Generally, I explore how commitment affects experience and consciousness. This exploration has changed as I have expanded my notion of the political (from affiliation with movements like Irish nationalism or feminism to attitudes towards others). To write fiction that is inclusive, it is necessary to take political differences and political facts like inequality and its personal consequences into account.
Everyone, from artists to audiences, has an opinion about “political correctness” these days. How do you balance cultural sensitivity and sensibility in your writing?
I don’t like the term “political correctness” because conservatives tend to employ it to distract from serious racial, class, national, and gender discrimination. It’s a divisive phrase that perpetuates the so-called culture wars. I first heard the term in the 1970s, when it was used among progressive people as a safeguard against our own rigidness and the rigidness of other people on the left. Many political meetings ended with a period of evaluation and this was one of the problems acknowledged as something to avoid. The term has been bowdlerized since then.
I welcome a range of opinions in my classroom and we always discuss the importance of genuine disagreement on the first day of term. I aim for a stimulating, surprising, awakening, collegial, and safe classroom, and try to foster this by encouraging everyone to speak and by creating assignments in which students work in a variety of small groups. We speak, we agree, we argue, we laugh, we learn.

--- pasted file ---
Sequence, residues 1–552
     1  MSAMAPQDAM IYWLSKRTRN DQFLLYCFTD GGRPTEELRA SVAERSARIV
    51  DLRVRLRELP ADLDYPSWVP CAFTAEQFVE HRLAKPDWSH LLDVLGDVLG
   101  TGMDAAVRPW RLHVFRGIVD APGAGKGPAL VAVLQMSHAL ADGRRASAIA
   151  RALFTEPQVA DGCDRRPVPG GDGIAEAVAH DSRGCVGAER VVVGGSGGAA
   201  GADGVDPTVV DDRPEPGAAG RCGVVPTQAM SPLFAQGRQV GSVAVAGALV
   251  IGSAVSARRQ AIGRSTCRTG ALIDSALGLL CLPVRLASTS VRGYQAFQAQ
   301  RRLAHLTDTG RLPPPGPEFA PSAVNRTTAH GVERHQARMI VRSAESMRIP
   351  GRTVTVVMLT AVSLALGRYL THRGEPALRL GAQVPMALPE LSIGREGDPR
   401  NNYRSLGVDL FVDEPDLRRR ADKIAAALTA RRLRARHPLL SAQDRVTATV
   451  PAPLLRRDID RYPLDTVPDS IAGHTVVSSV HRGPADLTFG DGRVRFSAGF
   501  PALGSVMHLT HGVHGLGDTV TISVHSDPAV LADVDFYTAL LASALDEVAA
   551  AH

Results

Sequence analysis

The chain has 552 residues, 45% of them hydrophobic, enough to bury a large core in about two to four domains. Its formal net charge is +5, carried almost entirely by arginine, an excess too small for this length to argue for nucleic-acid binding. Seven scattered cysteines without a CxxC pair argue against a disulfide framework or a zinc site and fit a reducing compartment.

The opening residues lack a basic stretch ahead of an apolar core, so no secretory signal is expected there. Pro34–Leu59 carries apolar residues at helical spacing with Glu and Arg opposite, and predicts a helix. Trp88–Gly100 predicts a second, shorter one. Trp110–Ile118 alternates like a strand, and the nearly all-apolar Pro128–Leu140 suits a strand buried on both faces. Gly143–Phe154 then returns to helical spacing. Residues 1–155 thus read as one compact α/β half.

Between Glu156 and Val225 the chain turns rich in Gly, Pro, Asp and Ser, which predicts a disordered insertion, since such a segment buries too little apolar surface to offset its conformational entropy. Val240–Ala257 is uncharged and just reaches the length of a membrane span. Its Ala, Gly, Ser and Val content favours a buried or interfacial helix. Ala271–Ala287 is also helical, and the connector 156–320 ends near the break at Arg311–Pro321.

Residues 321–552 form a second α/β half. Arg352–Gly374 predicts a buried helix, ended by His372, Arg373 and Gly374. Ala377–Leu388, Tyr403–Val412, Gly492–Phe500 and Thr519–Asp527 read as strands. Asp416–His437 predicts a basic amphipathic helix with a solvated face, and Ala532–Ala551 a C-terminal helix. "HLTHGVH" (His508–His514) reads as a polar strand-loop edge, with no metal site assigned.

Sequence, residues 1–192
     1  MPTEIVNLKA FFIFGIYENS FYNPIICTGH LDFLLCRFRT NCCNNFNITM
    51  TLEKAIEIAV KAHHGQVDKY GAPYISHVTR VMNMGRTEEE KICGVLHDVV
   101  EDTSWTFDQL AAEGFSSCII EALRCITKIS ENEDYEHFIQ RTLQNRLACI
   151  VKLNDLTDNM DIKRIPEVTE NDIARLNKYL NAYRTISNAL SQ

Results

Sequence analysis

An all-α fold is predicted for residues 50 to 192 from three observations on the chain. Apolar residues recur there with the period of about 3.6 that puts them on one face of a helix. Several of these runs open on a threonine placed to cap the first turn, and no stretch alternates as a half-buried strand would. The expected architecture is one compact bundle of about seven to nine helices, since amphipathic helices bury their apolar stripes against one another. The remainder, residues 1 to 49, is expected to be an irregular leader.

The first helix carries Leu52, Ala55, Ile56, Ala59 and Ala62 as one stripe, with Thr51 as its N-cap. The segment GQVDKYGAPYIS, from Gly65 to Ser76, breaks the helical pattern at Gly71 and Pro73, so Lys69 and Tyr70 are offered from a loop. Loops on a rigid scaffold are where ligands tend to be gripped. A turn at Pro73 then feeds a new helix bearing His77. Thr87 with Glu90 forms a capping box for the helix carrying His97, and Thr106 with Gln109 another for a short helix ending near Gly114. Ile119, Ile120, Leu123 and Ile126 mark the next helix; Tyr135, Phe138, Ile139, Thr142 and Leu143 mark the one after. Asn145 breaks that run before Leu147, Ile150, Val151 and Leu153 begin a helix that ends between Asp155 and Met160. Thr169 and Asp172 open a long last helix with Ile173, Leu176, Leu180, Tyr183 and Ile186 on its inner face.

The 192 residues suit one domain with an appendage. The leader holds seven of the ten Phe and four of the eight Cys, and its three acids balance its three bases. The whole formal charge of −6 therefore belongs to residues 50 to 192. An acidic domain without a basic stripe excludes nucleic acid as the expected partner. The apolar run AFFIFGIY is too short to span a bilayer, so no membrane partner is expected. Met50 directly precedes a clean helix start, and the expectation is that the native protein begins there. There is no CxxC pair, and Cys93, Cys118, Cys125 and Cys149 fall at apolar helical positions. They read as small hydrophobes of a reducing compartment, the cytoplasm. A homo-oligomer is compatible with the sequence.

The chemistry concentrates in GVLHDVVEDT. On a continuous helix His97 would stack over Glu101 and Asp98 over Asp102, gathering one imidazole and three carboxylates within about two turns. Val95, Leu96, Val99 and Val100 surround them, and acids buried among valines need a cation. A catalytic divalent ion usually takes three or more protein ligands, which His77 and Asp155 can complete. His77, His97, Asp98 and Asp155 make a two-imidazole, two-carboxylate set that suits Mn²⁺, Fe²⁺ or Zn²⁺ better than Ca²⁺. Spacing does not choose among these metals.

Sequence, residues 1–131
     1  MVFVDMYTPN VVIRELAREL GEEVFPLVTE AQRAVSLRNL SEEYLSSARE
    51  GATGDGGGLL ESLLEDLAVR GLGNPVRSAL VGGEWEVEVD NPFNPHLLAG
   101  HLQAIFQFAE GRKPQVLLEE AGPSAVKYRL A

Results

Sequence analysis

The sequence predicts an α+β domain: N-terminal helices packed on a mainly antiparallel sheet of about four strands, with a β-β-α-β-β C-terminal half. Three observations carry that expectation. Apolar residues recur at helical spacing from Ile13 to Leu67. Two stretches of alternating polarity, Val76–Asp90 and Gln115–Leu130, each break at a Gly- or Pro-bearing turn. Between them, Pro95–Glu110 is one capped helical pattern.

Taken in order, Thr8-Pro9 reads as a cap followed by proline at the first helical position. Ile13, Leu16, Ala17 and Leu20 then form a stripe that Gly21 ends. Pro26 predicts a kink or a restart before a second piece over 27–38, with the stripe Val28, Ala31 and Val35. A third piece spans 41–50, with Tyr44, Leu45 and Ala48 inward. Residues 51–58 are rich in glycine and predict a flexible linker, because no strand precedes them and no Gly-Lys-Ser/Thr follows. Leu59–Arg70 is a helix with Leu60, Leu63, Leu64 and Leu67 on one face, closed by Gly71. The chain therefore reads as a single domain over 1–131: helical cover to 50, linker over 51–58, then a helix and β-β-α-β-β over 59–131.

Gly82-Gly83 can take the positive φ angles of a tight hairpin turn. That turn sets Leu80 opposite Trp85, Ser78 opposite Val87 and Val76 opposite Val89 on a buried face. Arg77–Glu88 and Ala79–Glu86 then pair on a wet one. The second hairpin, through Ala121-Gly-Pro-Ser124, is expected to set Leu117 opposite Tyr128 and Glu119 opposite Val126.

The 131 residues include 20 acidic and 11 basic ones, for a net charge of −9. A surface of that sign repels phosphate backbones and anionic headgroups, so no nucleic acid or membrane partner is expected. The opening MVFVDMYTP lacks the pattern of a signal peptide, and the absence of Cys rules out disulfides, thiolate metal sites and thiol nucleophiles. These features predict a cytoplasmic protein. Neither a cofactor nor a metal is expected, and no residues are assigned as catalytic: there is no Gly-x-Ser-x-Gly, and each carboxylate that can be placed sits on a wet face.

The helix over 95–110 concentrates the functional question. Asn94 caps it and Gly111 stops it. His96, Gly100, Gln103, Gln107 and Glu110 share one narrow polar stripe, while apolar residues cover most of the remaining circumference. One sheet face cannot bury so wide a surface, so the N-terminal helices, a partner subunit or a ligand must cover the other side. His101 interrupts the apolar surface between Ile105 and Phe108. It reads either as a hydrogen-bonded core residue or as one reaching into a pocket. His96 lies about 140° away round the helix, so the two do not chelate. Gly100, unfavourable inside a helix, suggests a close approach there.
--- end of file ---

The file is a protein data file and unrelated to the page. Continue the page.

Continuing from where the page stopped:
In addition to serving as the Institute’s artist-in-residence, you have taught undergraduate courses at Stanford since 2006. Why is the study of literature, and of women’s literature in particular, so crucial in today’s digital world?
Literature is the story of our many and diverse lives—in fiction, poetry, drama, and so forth. Unfortunately, women’s books are much less likely to get published then men’s books. They are much less likely to be reviewed then men’s books. Most of my classes are now cross-listed with CCSRE and my students energetically explore race and ethnicity as well gender in literature. Last year, I launched a new course, “Queer Arts,” as part of a Faculty College Grant, to add more arts classes and queer classes to FGSS.
You oversee the Artist’s Salon at the Clayman Institute—what types of artists catch your eye? How do you select the artists you invite to share their work with our community?
I aim for diversity and quality of every kind. And of course, we invite people actively engaged with various questions about gender. When I created the Artist’s Salon at the Clayman Institute, I specifically wanted to focus on the many faculty and staff artists who teach at Stanford. At each salon, we invite an artist to share their work and engage in dialogue with the Stanford community. We have highlighted the art of many people, including Jan Krawitz, Aleta Hayes, Nova J. Jiménez, and Robert Moses, among many other esteemed artists. Next year, our 2018 featured artist will be Chang-Rae Lee.
Under the auspices of the Institute’s thematic focus—“Moving Beyond the Stalled Gender Revolution”—what you do have in store for the coming year?
I have a novel in progress, The Roads Between Them, which focuses on a number of issues—gender, class and race—in the story of a mother and two daughters. I’m also particularly interested in the characters’ evolving attitudes toward women and aging. I hope that my narratives reveal new insights into the barriers facing women’s advancement and raise approaches to advancing gender equality.
As a professor, I’ve been pleased to follow the lives of my former Stanford students as they break through barriers and flourish in fields such as medicine, law, technology, and writing. Several of my Stanford students have published books; notable among these are Yaa Gyasi’s Homecoming, which is one of the required freshman books this year, and Amy Kurzweil’s graphic memoir about her family’s experience with the Holocaust, Flying Couch.
An abbrieviated version of this interview appears in upRising, volume 5.